It’s a victory arch, a traffic island and was once home to London’s smallest police station; now Wellington Arch at Hyde Park Corner is about to become a gallery. Built in 1828 to commemorate Wellington’s defeat of Napoleon Bonaparte, it originally faced the entrance to Hyde Park. By 1883, the roads around it had become one big Victorian traffic jam, so it was moved to its current location. It was later used as a police station boasting 18 officers and a cat called Snooks, before its closure in the 1960s. In the late ’90s, English Heritage took over the arch, opening it to the public. Now, after a refurbishment the arch is reopening with the new Quadriga Gallery (a reference to the monumental sculpture group which sumounts the arch) on the top two floors. It will host exhibitions on aspects of English history, kicking off with ‘Stonehenge: Moumental Journey’ (until June 24). Whatever is on display, the views from the balconies are worth a visit in their own right, and would have impressed the Iron Duke himself. Will Davenport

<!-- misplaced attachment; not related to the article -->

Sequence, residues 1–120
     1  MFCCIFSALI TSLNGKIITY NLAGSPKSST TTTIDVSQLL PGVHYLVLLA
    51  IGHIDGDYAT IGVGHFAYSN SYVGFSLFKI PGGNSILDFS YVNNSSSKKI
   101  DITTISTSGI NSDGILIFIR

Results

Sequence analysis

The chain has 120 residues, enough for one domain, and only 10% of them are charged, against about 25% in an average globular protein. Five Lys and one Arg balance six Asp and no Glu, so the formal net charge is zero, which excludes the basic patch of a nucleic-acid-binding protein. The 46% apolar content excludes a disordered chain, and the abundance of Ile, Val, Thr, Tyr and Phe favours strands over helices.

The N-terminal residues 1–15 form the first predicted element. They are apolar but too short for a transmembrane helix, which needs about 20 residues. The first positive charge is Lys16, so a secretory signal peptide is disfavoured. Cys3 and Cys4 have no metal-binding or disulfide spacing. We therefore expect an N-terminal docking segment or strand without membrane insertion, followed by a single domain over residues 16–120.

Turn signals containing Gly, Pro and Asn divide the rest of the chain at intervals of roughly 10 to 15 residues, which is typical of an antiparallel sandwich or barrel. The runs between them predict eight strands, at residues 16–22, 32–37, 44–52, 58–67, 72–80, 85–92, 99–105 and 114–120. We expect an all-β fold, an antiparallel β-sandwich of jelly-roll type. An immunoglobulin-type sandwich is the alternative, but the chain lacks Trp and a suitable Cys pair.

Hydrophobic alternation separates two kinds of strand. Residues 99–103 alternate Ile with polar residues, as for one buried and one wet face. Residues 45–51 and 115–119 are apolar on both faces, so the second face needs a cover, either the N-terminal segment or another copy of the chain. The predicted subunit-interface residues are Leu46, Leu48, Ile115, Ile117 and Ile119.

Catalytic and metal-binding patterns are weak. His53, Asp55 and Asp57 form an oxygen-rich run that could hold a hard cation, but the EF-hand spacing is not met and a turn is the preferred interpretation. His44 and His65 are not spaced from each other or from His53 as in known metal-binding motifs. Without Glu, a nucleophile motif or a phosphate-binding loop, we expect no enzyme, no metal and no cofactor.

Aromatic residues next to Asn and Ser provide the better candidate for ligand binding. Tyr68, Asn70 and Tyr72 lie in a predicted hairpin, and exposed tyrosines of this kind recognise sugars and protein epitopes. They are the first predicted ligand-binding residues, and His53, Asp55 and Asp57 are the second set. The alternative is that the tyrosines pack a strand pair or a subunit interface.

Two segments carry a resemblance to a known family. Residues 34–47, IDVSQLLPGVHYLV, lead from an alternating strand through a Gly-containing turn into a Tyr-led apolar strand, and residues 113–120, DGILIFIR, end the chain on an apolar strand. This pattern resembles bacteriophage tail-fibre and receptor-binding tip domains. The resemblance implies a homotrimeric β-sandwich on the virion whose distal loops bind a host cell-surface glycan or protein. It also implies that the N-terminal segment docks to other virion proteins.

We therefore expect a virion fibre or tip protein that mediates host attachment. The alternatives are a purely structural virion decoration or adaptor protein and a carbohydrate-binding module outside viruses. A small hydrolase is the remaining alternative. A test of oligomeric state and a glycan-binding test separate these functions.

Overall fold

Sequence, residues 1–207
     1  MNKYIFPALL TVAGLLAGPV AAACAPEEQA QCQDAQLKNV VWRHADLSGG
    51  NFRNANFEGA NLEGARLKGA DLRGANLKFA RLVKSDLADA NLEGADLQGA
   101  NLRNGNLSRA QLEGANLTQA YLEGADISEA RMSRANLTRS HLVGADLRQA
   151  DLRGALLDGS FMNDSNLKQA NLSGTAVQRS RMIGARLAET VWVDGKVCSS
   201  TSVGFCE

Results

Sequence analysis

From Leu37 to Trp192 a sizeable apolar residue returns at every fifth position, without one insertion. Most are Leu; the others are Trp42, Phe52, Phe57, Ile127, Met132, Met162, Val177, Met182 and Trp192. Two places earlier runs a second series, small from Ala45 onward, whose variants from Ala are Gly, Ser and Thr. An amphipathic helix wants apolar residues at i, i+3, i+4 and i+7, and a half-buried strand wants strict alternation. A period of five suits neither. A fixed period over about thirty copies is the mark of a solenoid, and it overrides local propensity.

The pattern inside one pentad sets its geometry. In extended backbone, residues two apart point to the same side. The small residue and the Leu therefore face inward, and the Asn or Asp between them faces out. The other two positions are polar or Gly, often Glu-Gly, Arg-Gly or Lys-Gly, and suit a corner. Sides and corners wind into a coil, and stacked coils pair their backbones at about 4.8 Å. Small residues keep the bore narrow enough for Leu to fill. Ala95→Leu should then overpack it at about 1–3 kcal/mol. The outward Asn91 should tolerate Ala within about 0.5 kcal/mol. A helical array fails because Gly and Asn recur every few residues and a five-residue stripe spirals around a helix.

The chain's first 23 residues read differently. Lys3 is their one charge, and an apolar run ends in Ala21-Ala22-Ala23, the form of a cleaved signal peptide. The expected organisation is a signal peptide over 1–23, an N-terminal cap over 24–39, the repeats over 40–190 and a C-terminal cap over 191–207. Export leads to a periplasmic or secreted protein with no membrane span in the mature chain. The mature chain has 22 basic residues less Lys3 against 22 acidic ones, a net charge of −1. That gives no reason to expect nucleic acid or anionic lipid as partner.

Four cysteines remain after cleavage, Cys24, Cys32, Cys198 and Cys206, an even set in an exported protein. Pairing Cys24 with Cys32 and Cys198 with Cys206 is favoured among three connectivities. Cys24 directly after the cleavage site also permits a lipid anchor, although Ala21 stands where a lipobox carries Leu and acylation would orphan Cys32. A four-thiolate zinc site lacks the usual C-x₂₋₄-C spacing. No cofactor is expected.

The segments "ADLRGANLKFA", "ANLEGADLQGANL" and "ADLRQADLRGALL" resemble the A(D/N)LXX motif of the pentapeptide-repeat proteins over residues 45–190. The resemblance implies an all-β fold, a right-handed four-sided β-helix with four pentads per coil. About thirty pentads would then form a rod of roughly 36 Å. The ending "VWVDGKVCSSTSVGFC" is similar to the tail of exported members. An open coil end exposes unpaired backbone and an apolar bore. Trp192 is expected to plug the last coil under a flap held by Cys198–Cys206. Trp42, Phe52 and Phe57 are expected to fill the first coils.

For info, see english-heritage.org.uk/wellingtonarch.